Viadent usage and oral leukoplakia: a spurious association

Regul Toxicol Pharmacol. 1999 Dec;30(3):182-96. doi: 10.1006/rtph.1999.1339.


Oral rinse and toothpaste products (Viadent) containing Sanguinaria extract have been shown through extensive clinical trials to be effective against plaque build-up and gingivitis. To establish safety, a comprehensive research program was conducted, including a series of clinical studies and a number of animal studies to evaluate acute, subchronic, and chronic toxicity, and the potential for irritation of mucosal tissues. In 1990 and 1993, an Expert Panel reported on reviews of these data and concluded that Viadent products are safe for their intended use. Despite the large database of information to support the safety of Viadent products, Damm et al. (1999) recently raised the possibility that their usage may be causally associated with development of oral leukoplakia. However, a critique of this recent report shows that it does not fulfil criteria for establishing causation. In particular, the study does not show that exposure to Viadent preceded the onset of leukoplakia, it does not demonstrate dose-response or biological plausibility, and it suffers from selection and information bias and from potential confounding. Furthermore, upon critical evaluation, the Damm et al. (1999) report on a case-series is inconsistent with the weight of available clinical evidence showing that Sanguinaria extract-containing oral health care products cause no cytotoxic or significant irritant effects in the oral mucosa in human studies of up to 6 months duration. The animal data similarly do not support a causal association between Viadent usage and oral leukoplakia in humans. These data demonstrate that Sanguinaria extract and whole Viadent formulations are without significant irritation potential and have no effects on the oral mucosa, even in studies with life-long dietary exposure to Sanguinaria extract. The mutagenicity and genotoxicity data do not indicate that Sanguinaria extract or its components are genotoxic in vivo. The results of 2 GLP-compliant rat oncogenicity studies provide no evidence of any carcinogenic effect of Sanguinaria extract. In conclusion, the available clinical and animal data provide no support for and in fact argue strongly against the hypothesis that the use of Viadent toothpaste and/or oral rinse products may be causally associated with the development of leukoplakia in humans.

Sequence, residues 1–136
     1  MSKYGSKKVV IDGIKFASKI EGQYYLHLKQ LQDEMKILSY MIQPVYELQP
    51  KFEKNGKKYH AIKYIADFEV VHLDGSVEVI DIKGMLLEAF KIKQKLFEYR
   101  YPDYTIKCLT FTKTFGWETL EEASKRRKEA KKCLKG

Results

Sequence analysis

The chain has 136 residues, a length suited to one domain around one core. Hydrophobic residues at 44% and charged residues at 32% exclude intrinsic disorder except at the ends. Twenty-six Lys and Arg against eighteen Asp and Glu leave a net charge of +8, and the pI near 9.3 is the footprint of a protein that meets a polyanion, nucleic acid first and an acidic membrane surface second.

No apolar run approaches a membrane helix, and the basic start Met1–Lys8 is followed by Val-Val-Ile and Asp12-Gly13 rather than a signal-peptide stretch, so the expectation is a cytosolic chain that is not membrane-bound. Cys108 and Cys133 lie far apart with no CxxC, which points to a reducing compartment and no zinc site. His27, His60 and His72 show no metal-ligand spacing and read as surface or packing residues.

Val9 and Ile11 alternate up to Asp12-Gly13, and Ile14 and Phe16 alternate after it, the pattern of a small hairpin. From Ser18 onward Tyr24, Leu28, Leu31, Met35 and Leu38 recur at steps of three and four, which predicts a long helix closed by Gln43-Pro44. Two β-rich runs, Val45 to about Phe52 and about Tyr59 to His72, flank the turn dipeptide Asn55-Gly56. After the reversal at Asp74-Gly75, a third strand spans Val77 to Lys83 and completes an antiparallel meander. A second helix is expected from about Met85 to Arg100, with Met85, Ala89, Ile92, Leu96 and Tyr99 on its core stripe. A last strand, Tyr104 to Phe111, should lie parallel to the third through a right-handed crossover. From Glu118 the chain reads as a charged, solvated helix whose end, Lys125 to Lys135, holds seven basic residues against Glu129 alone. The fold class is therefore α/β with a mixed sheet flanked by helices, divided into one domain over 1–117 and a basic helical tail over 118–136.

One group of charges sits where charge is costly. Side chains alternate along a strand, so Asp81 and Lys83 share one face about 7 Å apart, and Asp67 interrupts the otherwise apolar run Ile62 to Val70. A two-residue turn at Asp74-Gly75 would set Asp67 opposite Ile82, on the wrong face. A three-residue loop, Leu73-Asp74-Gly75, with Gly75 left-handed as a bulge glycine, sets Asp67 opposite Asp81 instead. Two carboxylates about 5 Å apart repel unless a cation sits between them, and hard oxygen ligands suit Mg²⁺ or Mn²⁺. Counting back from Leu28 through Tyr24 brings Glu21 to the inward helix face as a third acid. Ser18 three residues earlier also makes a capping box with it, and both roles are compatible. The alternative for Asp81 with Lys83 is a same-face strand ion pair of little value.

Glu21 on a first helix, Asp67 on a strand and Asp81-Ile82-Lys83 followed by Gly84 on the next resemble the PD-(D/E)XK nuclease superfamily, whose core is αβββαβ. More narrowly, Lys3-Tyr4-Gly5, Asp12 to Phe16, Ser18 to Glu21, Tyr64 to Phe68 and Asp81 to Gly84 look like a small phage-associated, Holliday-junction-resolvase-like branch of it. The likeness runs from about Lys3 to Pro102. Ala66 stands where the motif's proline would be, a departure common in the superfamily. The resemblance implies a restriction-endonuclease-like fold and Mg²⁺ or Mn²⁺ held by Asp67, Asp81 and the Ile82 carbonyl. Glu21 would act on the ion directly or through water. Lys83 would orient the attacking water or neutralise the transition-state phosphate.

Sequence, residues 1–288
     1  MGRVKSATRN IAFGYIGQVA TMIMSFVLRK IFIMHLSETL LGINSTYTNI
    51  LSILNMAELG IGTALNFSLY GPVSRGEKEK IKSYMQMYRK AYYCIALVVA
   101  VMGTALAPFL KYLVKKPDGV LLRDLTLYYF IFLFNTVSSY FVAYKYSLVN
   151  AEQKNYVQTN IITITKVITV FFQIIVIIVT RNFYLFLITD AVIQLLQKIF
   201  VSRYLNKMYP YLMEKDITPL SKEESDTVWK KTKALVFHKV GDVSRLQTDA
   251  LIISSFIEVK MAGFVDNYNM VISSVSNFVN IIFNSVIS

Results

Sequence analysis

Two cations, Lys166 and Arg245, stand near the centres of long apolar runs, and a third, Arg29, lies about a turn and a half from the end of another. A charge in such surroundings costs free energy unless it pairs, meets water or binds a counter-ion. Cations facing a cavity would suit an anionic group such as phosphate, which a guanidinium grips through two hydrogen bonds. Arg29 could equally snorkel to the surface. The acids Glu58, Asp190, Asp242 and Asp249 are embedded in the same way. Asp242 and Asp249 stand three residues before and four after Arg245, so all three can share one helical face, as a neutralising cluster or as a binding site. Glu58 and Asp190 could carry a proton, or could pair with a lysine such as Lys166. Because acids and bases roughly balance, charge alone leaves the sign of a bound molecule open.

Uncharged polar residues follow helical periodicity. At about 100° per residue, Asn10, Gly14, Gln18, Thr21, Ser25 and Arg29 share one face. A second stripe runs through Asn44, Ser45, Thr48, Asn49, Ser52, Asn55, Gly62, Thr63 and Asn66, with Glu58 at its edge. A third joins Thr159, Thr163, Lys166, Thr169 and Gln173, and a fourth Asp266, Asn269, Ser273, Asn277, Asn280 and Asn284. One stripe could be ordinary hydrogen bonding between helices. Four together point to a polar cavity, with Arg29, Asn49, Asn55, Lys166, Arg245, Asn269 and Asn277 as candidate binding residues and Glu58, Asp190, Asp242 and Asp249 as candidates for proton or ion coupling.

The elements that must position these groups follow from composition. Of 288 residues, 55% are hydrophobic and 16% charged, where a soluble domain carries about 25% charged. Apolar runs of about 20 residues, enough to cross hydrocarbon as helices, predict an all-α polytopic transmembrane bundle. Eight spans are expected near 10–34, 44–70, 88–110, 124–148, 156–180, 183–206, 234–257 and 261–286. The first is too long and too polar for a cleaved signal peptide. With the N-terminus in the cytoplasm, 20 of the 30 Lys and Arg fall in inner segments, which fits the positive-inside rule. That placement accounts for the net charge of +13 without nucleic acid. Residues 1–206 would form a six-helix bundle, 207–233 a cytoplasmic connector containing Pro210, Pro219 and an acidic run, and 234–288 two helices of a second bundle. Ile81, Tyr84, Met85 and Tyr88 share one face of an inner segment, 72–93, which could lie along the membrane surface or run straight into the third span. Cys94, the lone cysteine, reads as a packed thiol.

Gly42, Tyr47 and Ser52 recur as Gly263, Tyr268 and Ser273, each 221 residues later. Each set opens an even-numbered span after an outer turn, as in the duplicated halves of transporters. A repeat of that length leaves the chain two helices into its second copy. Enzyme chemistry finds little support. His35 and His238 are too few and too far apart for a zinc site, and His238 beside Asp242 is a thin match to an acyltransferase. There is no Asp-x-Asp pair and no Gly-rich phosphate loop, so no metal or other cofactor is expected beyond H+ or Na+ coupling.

Publication types

  • Review

MeSH terms

  • Alkaloids / adverse effects*
  • Alkaloids / toxicity
  • Animals
  • Anti-Infective Agents / adverse effects*
  • Anti-Infective Agents / toxicity
  • Benzophenanthridines
  • Humans
  • Isoquinolines
  • Leukoplakia, Oral / chemically induced*
  • Mouthwashes / adverse effects*
  • Mouthwashes / toxicity
  • Toothpastes / adverse effects*
  • Toothpastes / toxicity


  • Alkaloids
  • Anti-Infective Agents
  • Benzophenanthridines
  • Isoquinolines
  • Mouthwashes
  • Toothpastes
  • sanguinarine